Many of us think about where our food comes from and how it gets to our table. Food packaging lists the name of the farm or factory of origin and provides a detailed list of ingredients so that consumers can make informed purchases. But what about the clothes we wear? Ever stop to think about the origins of the fabric, the methods used to dye it or who stitched it together? 

Know Who, Know How. It’s a simple but lofty mission for the owners of WHOW, a new line of ethically produced handmade textiles in Mandalay. They create beautiful scarves, cushion covers, and other items crafted in locally-owned workshops and made from locally grown cotton. These textiles have a story to tell and WHOW aims to share that story with the world.

For Nina Frambach and Daniel Astbury, the company’s founders, setting up WHOW was a chance to fulfill a longstanding goal. The two had lived in Africa and Asia, working on various projects while dreaming of ultimately setting up a social business. It was on a holiday to Myanmar where everything clicked into place. ‘We saw so much potential. Everywhere we looked, we saw traditional fabrics and the skill used to produce them. As well, the creativity amongst the locals was striking compared to what we experienced in other countries’, Nina remarked. 

The couple relocated to Mandalay in 2017 and, shortly thereafter, met Kaw and Htet. The four became great friends and together embarked on the journey that eventually became WHOW. From the start, the goal was to shine the spotlight on local producers. Rather than creating propaganda aimed at selling products, they planned to use marketing as a force for good. 

The early days of WHOW were spent forging relationships in the supply chain. They met with farmers to learn about different strains of organic cotton. They sat alongside weavers at their looms, discovering traditional techniques handed down from generation to generation. And they got their hands dirty- literally- at dying workshops, studying how natural elements could transform fabrics to rich hues.  

‘In most cases, we came across our producers by chance, driving or cycling around and asking anyone with a loom or sewing machine where we could make our products and see if there was a connection’, Nina explains. Their patience paid off and WHOW soon had a team of passionate suppliers who were eager to share their trade and traditional techniques with those who appreciated it. 

This shared desire to share the story of people and process has created a culture of collaboration at WHOW. The result of the mutual respect and desire to learn, Daniel says, gives more creativity to the production process: ‘Our designs are collaborations between us and our producers. The traditional weaving patterns are original designs, which we try to combine with some western influences.’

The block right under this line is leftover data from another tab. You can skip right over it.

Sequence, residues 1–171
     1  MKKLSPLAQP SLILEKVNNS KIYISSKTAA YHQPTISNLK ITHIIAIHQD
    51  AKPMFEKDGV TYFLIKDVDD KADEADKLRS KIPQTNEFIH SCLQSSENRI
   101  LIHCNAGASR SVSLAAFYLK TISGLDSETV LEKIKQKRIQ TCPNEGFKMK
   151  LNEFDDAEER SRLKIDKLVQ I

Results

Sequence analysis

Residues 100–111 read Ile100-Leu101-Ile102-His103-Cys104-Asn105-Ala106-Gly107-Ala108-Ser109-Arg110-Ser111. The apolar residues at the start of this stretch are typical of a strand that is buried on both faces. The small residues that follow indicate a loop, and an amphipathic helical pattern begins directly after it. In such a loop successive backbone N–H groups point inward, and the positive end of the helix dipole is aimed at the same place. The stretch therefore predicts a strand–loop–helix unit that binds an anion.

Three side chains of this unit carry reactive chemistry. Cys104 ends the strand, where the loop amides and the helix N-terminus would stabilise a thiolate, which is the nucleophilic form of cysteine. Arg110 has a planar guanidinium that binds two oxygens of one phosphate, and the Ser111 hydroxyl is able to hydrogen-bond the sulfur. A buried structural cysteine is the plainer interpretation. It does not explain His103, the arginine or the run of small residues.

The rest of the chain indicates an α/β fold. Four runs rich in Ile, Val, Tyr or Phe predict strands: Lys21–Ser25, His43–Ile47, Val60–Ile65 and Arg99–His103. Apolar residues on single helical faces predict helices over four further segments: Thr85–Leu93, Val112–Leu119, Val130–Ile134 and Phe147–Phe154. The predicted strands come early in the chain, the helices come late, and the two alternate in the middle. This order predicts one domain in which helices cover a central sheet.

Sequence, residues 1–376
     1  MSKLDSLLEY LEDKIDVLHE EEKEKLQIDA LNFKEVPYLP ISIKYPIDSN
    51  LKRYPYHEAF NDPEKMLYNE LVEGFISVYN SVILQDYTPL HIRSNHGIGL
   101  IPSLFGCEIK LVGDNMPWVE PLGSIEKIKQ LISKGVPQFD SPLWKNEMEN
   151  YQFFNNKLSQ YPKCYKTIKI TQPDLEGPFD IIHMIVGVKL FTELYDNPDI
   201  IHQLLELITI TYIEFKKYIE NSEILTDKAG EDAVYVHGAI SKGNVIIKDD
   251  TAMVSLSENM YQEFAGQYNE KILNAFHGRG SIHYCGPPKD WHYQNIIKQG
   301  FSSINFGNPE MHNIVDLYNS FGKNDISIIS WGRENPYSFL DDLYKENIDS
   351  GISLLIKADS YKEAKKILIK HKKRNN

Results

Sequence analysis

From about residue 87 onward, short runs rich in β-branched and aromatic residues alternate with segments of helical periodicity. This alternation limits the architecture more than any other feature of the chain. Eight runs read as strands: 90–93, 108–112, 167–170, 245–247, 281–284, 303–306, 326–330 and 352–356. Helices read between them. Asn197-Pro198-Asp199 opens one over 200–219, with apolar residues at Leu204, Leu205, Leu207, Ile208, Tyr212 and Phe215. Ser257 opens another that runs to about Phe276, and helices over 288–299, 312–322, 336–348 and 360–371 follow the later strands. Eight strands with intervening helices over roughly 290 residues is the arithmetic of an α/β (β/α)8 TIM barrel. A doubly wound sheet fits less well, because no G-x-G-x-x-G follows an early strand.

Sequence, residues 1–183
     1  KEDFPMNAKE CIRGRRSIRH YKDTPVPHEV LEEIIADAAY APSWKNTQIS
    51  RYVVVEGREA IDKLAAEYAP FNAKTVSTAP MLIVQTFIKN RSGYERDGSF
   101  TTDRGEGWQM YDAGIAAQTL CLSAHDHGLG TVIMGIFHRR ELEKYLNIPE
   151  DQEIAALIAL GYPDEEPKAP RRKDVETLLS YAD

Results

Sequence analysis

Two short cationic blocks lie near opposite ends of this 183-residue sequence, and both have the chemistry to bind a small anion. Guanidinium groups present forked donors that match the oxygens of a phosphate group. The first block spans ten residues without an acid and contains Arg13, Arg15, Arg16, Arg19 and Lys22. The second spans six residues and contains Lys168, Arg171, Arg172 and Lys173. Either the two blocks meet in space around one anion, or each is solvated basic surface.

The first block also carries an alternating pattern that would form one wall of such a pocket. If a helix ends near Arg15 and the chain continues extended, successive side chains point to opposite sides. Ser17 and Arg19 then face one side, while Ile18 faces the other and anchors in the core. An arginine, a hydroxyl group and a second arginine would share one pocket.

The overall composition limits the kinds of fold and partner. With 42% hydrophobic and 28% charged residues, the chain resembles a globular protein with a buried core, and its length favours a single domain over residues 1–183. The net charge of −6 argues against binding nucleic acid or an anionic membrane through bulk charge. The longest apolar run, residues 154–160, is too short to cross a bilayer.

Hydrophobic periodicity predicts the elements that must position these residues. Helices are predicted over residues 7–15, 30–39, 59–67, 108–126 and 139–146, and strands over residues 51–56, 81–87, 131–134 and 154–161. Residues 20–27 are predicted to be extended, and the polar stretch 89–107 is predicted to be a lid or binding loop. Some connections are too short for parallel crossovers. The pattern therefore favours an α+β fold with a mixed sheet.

The product line debuted in November 2019 and features scarves, cushion covers and jackets as well as aprons and tote bags. All are handwoven from locally grown cotton, with a large percentage being organic, and naturally dyed with non-toxic materials. The reception and feedback have been positive, with both locals and foreign expats snapping up the first WHOW items.

To help spread the WHOW message, each product comes with a card explaining ‘who’ and ‘how’ behind the creation of the item. On the company’s website ( the stories are also beautifully chronicled, providing further insight into the production and the passionate people involved.

Getting the products out to market and having positive feedback has been a rewarding experience for the entire WHOW team. It has been a long process and, as with many new businesses, Nina and Daniel faced many hiccups and delays along the way. But they also had some strokes of luck, such as meeting Nyein, a university student who was hired as a translator for site visits. He quickly became a de facto spokesperson for WHOW, embracing the ethos of the company and using it to help build more in-depth relationships with suppliers. 

This experience reinforced the couple’s belief that communication is key when doing social business. ‘The biggest lesson we learned thus far’, remarked Daniel,’ is do not try to rush production or communication, you will only end up with more work. Expect things to work differently yet simple. Having this outlook is beneficial not just for business, but also for personal growth.’ 

As the business grows, WHOW wants to ensure its suppliers also benefit. In addition to the fair wages and fair treatment practices, WHOW also reinvests 10% of sales into the production chain to ensure everyone involved benefits from the sale of products. The money is given with no strings attached because, as Daniel explains, ‘We believe empowerment is letting people decide for themselves what the causes are worth investing within the given context.’ 

So, what’s next for WHOW? New collaborations are in process and increasing production is the natural step forward but the founders are still placing quality over quantity. ‘WHOW is and should remain a creative social business where relationships are paramount’, Nina explains. ‘Of course, we want to grow and establish more connections with local businesses, but our aim is to ensure within this growth we stay true to our ethos.’

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